Grow your own vegetables using kitchen scraps
If you’re thinking about installing an artificial grass lawn in your garden but are worried that you won’t be able to grow your own vegetables, fear not. There are plenty of life-hacks out there to help you with vegetable growing even if you don’t have a garden or outdoor area – and many of these tips utilise kitchen scraps or old vegetables that would otherwise be thrown away!
Why not consult our grower’s guide to find out how you can enjoy gardening at home without having to worry about costs?
1) Grow old potatoes
Chances are you’ve cut the “eyes” (the shoots that grow from ageing tubers) from a potato before eating it. These “eyes” are actually growing points and can be used to grow more potatoes. Instead of cutting them off and throwing them away, put them in a plant pot with compost. Within no time you’ll find yourself with some small new potatoes to hand.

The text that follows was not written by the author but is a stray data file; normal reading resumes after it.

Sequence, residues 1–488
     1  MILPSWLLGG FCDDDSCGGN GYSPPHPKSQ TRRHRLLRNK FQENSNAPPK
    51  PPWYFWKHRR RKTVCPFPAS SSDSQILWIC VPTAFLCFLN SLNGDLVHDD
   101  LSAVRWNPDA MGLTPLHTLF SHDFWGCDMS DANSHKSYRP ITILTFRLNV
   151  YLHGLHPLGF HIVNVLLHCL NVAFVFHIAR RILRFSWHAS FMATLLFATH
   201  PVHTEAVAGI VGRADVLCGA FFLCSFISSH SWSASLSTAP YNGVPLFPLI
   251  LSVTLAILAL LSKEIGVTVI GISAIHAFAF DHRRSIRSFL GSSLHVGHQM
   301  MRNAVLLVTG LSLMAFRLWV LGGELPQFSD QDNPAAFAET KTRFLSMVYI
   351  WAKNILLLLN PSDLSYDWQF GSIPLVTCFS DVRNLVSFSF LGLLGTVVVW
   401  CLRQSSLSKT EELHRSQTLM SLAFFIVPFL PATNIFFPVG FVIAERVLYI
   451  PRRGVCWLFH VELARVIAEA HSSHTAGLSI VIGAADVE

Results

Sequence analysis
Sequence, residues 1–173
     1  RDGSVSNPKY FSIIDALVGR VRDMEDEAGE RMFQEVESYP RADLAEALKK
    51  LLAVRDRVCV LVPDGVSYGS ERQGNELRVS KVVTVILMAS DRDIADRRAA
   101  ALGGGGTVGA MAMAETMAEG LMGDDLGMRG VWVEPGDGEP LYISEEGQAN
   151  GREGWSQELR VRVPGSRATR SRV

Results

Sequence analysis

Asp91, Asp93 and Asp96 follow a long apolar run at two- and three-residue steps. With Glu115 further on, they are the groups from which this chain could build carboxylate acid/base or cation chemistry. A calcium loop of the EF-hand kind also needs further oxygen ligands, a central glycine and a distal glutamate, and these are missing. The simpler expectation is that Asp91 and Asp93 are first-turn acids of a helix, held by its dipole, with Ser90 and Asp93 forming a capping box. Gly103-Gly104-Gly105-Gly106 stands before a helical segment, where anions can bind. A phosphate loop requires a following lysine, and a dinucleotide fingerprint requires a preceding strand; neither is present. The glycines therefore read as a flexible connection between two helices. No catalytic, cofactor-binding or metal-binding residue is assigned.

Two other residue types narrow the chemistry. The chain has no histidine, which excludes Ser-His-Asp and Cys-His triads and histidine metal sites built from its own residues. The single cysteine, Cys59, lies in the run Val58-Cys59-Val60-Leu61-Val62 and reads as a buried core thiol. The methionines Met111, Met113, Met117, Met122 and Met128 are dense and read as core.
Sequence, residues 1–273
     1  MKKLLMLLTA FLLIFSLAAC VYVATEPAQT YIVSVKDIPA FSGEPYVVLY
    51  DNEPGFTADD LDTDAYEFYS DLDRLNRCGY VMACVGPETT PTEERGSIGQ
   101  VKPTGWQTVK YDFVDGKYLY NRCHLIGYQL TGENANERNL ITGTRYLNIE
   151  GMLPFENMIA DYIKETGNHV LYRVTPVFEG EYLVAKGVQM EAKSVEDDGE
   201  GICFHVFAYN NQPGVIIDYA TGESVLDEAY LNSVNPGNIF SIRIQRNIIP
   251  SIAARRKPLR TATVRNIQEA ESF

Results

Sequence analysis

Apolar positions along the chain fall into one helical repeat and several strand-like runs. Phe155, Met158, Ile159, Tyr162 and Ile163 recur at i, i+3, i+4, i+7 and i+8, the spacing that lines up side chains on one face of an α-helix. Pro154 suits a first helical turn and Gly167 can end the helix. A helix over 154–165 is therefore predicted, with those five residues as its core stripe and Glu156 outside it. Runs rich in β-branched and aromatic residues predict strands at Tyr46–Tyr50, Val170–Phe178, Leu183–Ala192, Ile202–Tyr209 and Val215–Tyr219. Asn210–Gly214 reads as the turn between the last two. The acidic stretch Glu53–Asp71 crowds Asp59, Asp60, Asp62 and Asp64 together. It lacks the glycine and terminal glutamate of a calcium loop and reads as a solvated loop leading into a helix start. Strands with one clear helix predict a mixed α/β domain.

2) Use cherry pips to enjoy free fruit
Keep those cherry pips – you could grow your own with them. Simply place a cherry pip into a hollow eggshell that has been filled with soil, before covering the top of the pip further with soil. From here, all you need to do is place the eggshell outside and let the wonder of nature do its work. This technique works for a variety of plants with pips/seeds including butternut squash.
3) Cost-free hot chilli peppers
To enjoy free peppers (of any type, including salad peppers and chillies) simply tap the seeds from the middle of the vegetable into a hollow egg cup, where you should store them for approximately six weeks. These can then be placed into a plant pot filled with soil which can be stored in your kitchen window. It should yield peppers within three months.
4) Reuse your ginger root
Ginger root is notorious for being purchased, used sparingly and binned – but it doesn’t have to be this way. Simply break a small part of the root off, place it into a soil-filled pot and watch it grow. However, be prepared that you will need to water it a lot and keep it in a sunny area if possible.
Do you have any further vegetable/fruit growing hacks? Perhaps you’d like to let us know – or if you’d like to know more about how an artificial lawn could benefit your property, please do not hesitate to get in touch.